Nanoscale Transistors—Just Around the Gate?

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Science  12 Jul 2013:
Vol. 341, Issue 6142, pp. 140-141
DOI: 10.1126/science.1240452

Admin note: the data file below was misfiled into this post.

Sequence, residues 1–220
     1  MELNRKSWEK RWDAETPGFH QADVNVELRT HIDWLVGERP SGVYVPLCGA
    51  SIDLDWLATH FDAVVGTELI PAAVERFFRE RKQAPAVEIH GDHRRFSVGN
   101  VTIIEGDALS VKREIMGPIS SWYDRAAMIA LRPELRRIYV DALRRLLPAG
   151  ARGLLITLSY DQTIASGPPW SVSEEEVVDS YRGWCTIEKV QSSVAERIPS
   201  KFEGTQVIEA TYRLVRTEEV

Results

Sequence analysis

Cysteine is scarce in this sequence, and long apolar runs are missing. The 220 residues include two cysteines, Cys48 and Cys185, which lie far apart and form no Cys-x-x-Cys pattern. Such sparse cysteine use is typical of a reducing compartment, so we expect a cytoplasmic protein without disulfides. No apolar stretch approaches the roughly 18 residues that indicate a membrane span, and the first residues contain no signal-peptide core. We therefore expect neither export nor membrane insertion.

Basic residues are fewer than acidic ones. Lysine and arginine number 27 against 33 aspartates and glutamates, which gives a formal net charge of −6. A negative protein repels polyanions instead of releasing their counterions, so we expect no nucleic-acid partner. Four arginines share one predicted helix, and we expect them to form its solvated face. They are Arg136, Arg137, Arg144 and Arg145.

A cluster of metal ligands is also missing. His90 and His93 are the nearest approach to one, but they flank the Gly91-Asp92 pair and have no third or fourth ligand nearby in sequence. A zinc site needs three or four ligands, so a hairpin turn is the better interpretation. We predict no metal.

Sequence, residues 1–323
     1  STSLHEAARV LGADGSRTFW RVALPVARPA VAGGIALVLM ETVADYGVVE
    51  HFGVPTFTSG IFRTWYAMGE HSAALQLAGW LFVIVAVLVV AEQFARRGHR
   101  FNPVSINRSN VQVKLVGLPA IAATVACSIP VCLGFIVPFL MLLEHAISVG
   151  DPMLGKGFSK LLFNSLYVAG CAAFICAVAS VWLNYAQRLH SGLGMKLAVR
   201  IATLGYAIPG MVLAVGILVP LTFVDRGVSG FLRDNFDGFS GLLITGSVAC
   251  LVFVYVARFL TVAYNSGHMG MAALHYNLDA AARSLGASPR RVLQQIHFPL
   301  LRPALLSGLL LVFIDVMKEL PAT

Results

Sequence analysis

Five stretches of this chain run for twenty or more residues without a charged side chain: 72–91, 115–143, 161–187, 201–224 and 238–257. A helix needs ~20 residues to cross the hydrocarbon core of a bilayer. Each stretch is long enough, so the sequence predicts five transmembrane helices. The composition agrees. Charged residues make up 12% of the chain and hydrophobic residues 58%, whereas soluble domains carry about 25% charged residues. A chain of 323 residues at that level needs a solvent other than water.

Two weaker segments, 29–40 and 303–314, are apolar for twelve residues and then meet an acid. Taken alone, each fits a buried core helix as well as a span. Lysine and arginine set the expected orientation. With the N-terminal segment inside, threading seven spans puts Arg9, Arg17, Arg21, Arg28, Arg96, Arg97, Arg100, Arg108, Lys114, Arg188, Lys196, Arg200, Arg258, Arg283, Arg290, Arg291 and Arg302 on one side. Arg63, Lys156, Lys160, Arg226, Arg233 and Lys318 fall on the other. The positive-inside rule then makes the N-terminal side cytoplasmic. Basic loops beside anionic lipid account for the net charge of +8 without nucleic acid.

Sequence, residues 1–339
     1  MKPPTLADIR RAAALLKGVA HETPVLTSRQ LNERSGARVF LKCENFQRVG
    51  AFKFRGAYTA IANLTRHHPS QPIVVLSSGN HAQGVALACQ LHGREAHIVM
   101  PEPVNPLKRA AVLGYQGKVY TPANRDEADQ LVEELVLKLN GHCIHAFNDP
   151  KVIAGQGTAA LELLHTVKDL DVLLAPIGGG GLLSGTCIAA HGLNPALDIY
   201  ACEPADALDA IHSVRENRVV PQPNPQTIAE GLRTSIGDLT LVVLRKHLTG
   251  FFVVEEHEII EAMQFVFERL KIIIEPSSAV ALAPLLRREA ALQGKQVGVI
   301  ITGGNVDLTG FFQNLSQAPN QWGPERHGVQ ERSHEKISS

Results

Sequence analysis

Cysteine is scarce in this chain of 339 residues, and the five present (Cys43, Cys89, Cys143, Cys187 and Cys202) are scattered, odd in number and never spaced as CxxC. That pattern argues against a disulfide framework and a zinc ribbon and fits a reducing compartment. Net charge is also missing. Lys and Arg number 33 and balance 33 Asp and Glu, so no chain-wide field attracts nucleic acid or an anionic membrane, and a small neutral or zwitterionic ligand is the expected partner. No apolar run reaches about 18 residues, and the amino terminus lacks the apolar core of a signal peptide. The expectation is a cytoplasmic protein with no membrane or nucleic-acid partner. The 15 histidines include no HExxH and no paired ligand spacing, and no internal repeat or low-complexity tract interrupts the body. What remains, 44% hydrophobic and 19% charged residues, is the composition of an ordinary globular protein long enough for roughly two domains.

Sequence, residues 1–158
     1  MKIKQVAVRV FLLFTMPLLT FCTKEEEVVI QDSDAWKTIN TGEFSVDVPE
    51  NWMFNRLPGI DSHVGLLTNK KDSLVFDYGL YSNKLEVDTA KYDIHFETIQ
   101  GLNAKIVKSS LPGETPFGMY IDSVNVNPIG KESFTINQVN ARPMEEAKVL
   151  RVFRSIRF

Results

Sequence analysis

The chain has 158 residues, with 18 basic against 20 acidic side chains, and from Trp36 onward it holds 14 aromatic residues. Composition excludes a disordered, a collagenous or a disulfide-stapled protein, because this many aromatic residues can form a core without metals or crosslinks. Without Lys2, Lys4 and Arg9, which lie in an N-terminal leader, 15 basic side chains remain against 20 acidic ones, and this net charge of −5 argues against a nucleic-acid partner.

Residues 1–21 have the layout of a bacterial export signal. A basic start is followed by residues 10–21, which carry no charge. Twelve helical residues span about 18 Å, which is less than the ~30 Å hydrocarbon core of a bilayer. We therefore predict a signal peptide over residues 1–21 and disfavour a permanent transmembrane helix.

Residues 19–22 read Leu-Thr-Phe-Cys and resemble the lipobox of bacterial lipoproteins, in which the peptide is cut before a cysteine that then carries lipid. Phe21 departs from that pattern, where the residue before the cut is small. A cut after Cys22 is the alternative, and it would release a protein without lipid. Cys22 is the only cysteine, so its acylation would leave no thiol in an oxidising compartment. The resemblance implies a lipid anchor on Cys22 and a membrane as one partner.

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Further reduction in the size of the metaloxide semiconductor field-effect transistors (MOSFETs) used in computer chips will require more complex geometries to enhance the gate control of the current flow in the transistor channel (1). These advanced designs allow transistor scaling (maintaining performance as size decreases) and minimize the leakage of current when the device is in the off-state. The voltage of operation can be reduced without loss of performance, making the devices function with less power dissipation per operation. The optimal MOSFET geometry surrounds a cylindrical channel with the gate electrode (2). This “gate-all-around” (GAA) enhances electrostatic control of the entire channel surface (see the figure), and when used with superior charge transport materials, should deliver enhanced performance. Franklin et al. (3) now report on nanoscale complementary MOSFETs in which suspended single-walled carbon nanotubes (SWCNTs) form the channel with a GAA geometry. This work marks a milestone in moving SWCNT nanoelectronics from laboratory prototypes toward a manufacturable technology.